Beauty is mystical in the strict sense — that is, it is knowable by direct experience that inspires awe and fascination, without necessarily being susceptible to definition — and also involves the notion of limit. Only that which comes to an end is beautiful.
Three handsome, rich young princes, one named Felibien, another, Roland, and the third, Aymeril, were travelling on horseback through all the countries of the world, followed by a multitude of servants and wagons loaded with their baggage. A chance meeting at an inn had made them friends, and they set off together. Why were they travelling?
For some, the city’s beauty lies in its geography, in its rivers and hills; for others, it is the monasteries, palaces, and bell towers. For me, it lies in the shades of people, real and imagined, who stroll around Patriarch’s Pond in June, when the nights are clear and cool, and puffs of pukh (cottonwood seed) float out across the water.
I’m reassured that beauty can be found in almost everything, depending on our focus, even if what we are looking at is the Buddhist affirmation of a lotus flower blooming out of stinky mud.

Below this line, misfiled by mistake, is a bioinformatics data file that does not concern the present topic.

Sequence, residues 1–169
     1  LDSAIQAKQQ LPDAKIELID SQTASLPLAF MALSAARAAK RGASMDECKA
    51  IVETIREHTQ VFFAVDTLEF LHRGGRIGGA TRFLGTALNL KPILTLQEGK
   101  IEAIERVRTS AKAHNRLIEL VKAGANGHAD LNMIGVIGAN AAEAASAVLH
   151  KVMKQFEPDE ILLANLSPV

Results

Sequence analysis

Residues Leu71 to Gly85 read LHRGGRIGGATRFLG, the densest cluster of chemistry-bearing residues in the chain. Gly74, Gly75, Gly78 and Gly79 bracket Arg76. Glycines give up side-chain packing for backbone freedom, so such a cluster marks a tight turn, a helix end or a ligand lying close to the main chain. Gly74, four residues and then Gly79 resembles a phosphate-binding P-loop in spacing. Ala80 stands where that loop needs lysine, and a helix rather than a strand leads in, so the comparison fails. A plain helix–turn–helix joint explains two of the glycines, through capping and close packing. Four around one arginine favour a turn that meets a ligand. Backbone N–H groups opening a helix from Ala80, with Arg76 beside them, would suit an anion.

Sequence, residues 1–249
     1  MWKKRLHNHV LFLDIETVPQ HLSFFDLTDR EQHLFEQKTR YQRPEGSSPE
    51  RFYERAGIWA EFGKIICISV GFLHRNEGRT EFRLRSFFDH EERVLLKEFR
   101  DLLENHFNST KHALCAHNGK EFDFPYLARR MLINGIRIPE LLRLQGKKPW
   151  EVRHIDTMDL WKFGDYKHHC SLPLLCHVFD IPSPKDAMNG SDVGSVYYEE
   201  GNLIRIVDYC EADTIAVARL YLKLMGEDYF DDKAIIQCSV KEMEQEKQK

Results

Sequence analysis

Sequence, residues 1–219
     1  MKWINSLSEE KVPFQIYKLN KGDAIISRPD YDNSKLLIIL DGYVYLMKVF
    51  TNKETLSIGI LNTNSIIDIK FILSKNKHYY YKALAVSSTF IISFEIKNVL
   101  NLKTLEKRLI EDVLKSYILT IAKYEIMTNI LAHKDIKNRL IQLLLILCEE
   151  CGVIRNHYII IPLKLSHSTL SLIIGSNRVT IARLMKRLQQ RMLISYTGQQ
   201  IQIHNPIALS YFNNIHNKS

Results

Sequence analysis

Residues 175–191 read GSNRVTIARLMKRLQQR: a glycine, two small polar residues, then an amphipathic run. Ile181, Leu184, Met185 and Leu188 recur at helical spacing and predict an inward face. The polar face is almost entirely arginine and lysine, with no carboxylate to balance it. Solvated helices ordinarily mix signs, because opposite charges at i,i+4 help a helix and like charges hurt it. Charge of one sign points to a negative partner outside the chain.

The unaligned poets, Maximilian Voloshin and Vladislav Khodasevich, were Neo-Classicists who constructed a haven for themselves from history in eternal things.
You dreamt of me, we are living a dream, you will forget me in another dream in which I shall return like the dream of a dream. Let’s take advantage of the moment. It’s now.
Separate yourself, take your distance, act as though you are not playing, as though you are not even hearing yourself. The error consists in believing that one is doing what one is doing when doing it. Above all, don’t attempt to attain silence or empty space. That is a pose. On the contrary, play as if you were in the middle of the street, at the heart of the racket…